Future Directions


Diabetes after transplantation: revised guidelines target early treatment

People who have a kidney, liver or heart transplant are at high risk of developing diabetes. This can lead to cardiovascular disease and the rejection of the transplant. Factors such as age, weight and family history can increase the risk of new-onset diabetes after transplantation. Importantly, drugs that suppress the immune system and prevent transplant rejection also play a key role. In December 2003, an international panel of experts in transplantation and diabetes met to update the existing guidelines for the management of new-onset diabetes after

New treatments for diabetes: generating new insulin-producing cells

A new generation of treatments for Type 1 diabetes is likely to come from within our own bodies. We know that a wide range of cell types have the ability to regenerate. Although some of these cells are found outside the pancreas, their regenerative capacity can be harnessed to replenish the insulin-producing islet cells in the pancreas that are destroyed in diabetes. In this article, Denise Faustman looks at the potential benefits and pitfalls of four biologically based therapies, all of which take advantage of the body’s own capacity for healing and renewal.

Enhancing insulin secretion: novel approaches to glucose control

When we eat, the concentration of glucose in our blood rises due to the uptake of glucose from the digestion of starch and other carbohydrates in the gut. In healthy people, the increase is modest; eating activates other processes that

Eighty nobel prize winners appeal to President Bush

US President George W Bush received a letter that came straight to the point. “We urge you to support stem cell research.” This appeal did not waste words. The signatories had already said and done enough that is meaningful: no less than eighty of the signatures were Nobel prize winners. Stem cell research promises help to numerous people affected by chronic diseases and illnesses. The supporting argument is that if the embryos are to be destroyed anyway, would it not be better if they could be used to save the chronically ill.

Dietary toxins: digging up the dirt on vegetables

Recent research from Australia has implicated infections of common garden vegetables as a possible source of chemicals which cause damage to the pancreas, the organ that makes insulin. This damage could thereby cause Type 1 diabetes, the insulin-dependent form of the disease.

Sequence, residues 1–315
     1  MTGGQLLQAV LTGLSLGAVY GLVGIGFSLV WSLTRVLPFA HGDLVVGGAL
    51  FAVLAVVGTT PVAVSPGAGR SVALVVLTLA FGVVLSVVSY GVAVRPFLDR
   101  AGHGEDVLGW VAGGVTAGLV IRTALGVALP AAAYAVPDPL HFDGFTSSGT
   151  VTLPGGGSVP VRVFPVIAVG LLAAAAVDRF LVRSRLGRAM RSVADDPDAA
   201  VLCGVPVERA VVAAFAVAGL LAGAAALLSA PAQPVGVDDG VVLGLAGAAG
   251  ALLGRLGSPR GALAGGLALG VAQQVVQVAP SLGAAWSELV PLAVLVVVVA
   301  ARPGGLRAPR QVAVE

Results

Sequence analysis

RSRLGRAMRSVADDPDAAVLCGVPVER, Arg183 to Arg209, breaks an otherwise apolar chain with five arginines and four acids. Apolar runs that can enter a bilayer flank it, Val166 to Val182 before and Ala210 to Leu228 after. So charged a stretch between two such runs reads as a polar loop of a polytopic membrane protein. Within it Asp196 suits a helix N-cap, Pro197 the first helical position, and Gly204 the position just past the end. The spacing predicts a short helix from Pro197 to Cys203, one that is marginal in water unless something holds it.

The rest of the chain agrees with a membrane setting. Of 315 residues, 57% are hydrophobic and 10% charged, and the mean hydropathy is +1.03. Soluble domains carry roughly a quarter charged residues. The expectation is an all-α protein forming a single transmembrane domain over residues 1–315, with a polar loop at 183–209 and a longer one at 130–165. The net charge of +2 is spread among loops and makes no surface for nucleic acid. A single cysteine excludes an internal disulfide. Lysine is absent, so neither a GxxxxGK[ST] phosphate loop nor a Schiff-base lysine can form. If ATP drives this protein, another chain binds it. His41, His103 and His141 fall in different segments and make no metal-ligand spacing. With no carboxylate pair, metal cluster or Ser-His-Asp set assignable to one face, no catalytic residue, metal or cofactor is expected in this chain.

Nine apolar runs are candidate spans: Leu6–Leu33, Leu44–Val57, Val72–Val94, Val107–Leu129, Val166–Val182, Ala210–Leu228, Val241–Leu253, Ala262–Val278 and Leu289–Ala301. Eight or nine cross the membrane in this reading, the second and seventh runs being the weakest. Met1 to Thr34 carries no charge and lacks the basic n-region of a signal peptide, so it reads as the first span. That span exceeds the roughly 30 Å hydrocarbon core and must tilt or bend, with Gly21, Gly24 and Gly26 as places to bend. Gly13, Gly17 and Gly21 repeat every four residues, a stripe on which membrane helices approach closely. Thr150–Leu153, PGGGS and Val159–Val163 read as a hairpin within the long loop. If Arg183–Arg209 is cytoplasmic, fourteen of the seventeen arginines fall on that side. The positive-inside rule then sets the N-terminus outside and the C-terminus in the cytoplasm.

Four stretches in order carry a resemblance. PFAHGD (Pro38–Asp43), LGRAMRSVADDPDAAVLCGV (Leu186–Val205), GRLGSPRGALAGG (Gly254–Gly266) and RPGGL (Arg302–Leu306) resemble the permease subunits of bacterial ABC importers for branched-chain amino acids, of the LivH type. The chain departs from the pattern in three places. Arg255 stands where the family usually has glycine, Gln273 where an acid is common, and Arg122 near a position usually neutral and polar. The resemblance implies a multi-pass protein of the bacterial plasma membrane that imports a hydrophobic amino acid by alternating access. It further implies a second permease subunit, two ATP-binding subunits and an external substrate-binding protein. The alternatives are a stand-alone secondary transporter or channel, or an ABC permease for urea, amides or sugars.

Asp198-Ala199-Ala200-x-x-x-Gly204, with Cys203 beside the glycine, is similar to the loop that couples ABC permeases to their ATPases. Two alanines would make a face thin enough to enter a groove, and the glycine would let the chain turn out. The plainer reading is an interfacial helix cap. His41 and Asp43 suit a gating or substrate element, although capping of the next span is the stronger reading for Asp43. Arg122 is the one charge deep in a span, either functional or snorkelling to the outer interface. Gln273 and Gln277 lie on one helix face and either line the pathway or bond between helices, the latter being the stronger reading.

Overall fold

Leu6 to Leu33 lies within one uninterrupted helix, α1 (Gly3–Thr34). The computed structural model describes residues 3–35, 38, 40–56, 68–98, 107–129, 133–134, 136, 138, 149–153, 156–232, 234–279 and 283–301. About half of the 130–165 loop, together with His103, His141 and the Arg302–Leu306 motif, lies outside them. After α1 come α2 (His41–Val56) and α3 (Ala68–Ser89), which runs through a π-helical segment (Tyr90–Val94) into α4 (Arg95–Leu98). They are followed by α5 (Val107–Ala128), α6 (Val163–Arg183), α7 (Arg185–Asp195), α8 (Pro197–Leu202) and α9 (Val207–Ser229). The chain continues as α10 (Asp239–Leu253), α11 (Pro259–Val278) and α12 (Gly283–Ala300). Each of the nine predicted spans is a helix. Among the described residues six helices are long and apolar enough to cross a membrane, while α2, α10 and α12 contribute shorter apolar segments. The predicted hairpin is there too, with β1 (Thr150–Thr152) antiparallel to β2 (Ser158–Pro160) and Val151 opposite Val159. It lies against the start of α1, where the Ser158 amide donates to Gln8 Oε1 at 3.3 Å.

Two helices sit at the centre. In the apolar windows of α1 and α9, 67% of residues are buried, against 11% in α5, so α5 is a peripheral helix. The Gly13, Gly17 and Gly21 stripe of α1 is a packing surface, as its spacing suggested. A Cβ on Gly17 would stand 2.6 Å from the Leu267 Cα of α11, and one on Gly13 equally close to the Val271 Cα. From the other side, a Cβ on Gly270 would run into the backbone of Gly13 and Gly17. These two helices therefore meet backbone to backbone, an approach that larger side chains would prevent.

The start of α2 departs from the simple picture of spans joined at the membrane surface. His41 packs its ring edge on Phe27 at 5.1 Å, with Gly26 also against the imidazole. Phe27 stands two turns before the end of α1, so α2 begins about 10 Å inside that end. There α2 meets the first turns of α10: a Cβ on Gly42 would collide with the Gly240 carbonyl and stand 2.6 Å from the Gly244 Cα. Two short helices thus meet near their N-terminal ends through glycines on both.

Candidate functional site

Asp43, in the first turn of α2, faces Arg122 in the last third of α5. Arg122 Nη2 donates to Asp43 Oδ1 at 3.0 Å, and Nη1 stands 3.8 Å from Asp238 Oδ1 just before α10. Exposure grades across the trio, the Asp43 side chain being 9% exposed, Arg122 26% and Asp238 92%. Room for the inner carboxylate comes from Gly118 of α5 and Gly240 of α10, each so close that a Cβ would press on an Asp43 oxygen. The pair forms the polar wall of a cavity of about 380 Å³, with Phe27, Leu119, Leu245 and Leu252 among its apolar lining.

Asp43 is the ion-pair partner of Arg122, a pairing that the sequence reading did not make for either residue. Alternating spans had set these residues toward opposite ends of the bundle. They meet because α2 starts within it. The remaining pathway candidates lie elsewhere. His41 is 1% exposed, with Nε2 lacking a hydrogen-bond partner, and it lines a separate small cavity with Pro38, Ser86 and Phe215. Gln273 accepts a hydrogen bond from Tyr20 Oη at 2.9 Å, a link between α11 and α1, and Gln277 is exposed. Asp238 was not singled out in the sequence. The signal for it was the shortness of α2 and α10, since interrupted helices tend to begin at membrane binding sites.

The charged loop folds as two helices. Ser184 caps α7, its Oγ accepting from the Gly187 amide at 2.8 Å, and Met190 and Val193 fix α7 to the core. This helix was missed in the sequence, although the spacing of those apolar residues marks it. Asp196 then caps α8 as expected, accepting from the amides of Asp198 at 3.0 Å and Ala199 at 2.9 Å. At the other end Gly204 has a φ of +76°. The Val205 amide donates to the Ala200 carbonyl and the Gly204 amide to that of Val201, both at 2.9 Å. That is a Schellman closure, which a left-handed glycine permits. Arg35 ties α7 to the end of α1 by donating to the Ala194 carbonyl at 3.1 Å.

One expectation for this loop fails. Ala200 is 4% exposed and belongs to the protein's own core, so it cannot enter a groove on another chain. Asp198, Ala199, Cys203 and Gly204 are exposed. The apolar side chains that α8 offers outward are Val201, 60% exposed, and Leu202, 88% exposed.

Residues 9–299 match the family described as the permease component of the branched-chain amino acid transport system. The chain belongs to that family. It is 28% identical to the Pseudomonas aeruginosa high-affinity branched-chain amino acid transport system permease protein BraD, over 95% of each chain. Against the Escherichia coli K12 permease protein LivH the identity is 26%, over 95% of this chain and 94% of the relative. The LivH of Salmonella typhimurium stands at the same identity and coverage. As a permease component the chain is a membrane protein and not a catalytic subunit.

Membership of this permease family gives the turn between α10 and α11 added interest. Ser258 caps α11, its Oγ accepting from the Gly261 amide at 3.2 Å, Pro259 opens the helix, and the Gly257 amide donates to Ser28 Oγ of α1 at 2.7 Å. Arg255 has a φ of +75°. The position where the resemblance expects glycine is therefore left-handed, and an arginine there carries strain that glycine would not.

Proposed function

Gene therapy: looking for alternatives to insulin injection

Both Type 1 and Type 2 diabetes greatly increase the risk of dying from heart disease and are leading causes of blindness, leg amputation and kidney failure. There is now conclusive evidence that these long-term complications of diabetes can be prevented by keeping blood glucose levels as near to normal as possible. However, achieving this with conventional insulin injections results in a three-fold increase in the number of incapacitating attacks due to low glucose levels.

Expensive new drugs: NICE or not so nice?

Around the world, healthcare services face increasing demands from aging populations, with high disease burdens and expensive new ways of managing them. Many new drugs and other health technologies cost considerably more than those they supplant, but may only give a proportionately small health gain. As a result individuals, insurance companies, health maintenance organizations and national health services are forced to take decisions on which new therapies can be afforded for whom.

Hormone Replacement Therapy: controvery, confusion, concern

Post-menopausal women with diabetes derive similar benefits from hormone replacement therapies as women without diabetes. Despite this, women with diabetes represent the group with the lowest frequency of hormone replacement therapy use. This is a result of much scientific controversy about the risks and benefits of this therapy.

Successful islet transplantation has finally arrived: fact or fantasy?

Currently, transplantation of whole pancreases results in insulin independence and normalization of glycosylated haemoglobin values for three years in up to 80 percent of recipients. One group of investigators in Edmonton, Canada, has had initial success with the less invasive procedure of islet transplantation. Should this procedure take precedence?

Educating the educators: an International Curriculum for Health Professionals in Diabetes

The lack of trained healthcare professionals and of programmes to train them has been cited by many member associations of the International Diabetes Federation (IDF) as the most critical issue hindering the delivery of high quality diabetes education and care. To address this, the IDF Consultative Section on Diabetes Education set out to write a curriculum that could be used in all IDF member countries. This goal has now been achieved. Read more for an overview of the most remarkable features of this new publication.